Better Angels

"...all over this broad land, will yet swell the chorus of the Union, when again touched, as surely they will be, by the better angels of our nature." ---Abraham Lincoln, First Innaugural Address

Thursday, September 30, 2004

Put on Your Podhoretz Jammies - It's Storytime!

Sometimes the mind just boggles. I've been reading a books of critical essays on 1984, edited by that old gasbag Howard Bloom. Bloom, in his introductory essay, mentions that Norman Podhoretz "recently" (as of the 1986 writing) claimed Orwell as a neoconservative.

Sure enough. I've found the essay here. Has Podhoretz ever actually read 1984?

Right Christians

I know I do a lot of what seems like Christian-bashing here, so it might be easy to assume that I myself am not a Christian. I am, in fact, a committed Episcopalian. I was confirmed this summer, after leaving the Roman Catholic church I was raised in.

It's the Christian Right I unapologetically "bash," as I can not stand their perversion of Christ's message. Christianity has been co-opted by these lunatics and the Christian Left has been marginalized. So it was with great pleasure that I read about Church Folks for a Better America. They state:

We grieve that our nation is not standing for “liberty and justice for all,” nor treating Iraqis as we would be treated. We believe that accountability begins at home, that wise leaders know their mistakes, and that honest leaders admit them. Fear and resentment will never guide us to a just and lasting peace. Any nation that hopes to be “under God” must live for a positive vision of world community, not a blind response to terrorism that tragically makes others see us as if we were terrorists ourselves.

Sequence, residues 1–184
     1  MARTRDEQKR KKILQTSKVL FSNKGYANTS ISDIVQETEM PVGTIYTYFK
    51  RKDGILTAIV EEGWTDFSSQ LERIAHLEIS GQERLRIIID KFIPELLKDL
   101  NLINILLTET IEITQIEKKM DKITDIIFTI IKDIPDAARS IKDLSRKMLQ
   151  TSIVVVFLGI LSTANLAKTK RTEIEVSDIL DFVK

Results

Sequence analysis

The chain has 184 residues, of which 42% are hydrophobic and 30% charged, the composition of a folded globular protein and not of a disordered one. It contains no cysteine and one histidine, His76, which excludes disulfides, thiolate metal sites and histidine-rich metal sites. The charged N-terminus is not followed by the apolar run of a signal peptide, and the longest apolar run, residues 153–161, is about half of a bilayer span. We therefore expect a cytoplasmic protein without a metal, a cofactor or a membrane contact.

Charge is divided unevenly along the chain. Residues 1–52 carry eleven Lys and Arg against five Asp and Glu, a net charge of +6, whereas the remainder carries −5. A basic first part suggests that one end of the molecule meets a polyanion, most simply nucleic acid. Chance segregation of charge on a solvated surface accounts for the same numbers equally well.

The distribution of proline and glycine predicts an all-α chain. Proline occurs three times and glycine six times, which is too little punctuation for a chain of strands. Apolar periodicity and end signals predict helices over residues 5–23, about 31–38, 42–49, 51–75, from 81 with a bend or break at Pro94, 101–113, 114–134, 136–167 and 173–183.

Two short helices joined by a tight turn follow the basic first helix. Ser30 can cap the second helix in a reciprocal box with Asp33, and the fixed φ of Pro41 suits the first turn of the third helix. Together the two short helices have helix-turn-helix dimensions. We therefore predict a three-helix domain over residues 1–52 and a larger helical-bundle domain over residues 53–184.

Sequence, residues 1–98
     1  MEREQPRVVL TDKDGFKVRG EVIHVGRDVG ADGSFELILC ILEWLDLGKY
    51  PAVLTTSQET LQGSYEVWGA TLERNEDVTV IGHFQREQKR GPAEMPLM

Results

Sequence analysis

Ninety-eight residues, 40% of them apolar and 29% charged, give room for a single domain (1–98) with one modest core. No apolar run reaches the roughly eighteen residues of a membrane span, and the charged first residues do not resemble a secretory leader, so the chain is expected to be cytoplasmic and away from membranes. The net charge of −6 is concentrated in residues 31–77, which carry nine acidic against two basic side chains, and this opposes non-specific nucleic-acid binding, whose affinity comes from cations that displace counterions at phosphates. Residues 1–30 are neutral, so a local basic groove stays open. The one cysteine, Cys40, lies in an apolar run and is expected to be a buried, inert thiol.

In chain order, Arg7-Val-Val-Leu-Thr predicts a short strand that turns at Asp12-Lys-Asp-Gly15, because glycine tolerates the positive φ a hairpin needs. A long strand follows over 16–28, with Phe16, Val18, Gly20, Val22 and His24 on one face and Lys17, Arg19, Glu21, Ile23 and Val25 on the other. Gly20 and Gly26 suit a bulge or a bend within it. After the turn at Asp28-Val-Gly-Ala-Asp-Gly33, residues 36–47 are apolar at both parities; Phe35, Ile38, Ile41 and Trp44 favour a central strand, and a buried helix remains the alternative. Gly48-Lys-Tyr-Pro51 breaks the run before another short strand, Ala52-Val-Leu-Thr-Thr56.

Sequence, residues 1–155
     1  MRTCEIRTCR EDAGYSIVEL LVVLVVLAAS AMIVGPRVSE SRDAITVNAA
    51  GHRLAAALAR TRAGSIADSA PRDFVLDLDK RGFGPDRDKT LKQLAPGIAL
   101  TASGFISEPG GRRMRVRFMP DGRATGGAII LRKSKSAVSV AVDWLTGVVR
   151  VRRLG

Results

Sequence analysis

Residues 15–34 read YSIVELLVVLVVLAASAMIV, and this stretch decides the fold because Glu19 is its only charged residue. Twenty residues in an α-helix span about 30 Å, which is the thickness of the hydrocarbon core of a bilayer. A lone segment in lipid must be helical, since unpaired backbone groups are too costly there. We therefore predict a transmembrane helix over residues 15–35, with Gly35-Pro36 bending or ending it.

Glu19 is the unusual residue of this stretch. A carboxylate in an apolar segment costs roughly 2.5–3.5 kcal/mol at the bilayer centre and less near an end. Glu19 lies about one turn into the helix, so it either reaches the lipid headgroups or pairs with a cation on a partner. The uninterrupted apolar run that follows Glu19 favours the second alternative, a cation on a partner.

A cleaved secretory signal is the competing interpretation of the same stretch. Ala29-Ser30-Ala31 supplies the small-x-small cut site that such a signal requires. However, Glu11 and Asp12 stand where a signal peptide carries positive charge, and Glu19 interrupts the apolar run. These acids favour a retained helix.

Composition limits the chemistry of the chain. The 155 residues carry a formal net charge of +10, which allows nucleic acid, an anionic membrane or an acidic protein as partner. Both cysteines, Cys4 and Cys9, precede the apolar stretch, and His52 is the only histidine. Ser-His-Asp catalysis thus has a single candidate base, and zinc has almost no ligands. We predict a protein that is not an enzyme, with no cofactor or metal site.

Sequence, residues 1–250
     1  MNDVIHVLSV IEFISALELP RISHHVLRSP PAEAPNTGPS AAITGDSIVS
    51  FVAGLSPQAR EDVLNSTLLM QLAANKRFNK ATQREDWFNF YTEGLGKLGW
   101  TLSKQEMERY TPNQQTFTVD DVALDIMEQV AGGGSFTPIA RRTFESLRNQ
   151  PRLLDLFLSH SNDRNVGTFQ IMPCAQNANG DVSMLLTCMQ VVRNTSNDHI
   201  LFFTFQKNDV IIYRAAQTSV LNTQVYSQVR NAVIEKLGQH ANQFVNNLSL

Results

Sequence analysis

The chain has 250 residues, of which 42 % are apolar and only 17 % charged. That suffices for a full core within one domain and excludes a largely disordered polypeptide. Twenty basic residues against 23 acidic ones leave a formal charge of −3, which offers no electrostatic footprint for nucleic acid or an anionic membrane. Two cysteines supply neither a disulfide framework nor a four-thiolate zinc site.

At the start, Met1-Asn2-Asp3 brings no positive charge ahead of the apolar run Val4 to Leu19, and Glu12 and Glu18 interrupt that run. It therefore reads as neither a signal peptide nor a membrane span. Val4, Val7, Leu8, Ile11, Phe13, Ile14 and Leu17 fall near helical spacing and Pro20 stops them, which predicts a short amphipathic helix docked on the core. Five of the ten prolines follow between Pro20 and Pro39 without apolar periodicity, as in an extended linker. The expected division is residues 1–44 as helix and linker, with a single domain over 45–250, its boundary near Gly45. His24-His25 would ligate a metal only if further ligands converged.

CBFA is currently raising funds to place an anti-war ad in a major newspaper. Drop by and give if you can, and help give the Christian Left a voice again.

Tuesday, September 28, 2004


I was watching C-Span last night and managed to catch the rerun of James Fallows speaking about the debate styles of Bush and Kerry. I read his original article in the Atlantic with interest and it was a treat to see actual clips of the debates referenced, especially the Weld-Kerry match-up. True to C-Span form, the callers alternated between Bush and Kerry supporters and it made for a particularly interesting contrast.

Kerry supporters called in with specific suggestions, especially about which issues Kerry should attack Bush with. Many of them sounded like they've been following comment threads at Eschaton or Kos.

When asked "what does Bush need to do to win these debates?" at least two Bush callers I heard answered with some variation on "just be himself, speak from the heart, tell the truth." He was praised for being "sincere" and "a godly man." One particularly emotional caller stressed how we should never forget what he did for us "at 9/11." Don't worry, love, we won't.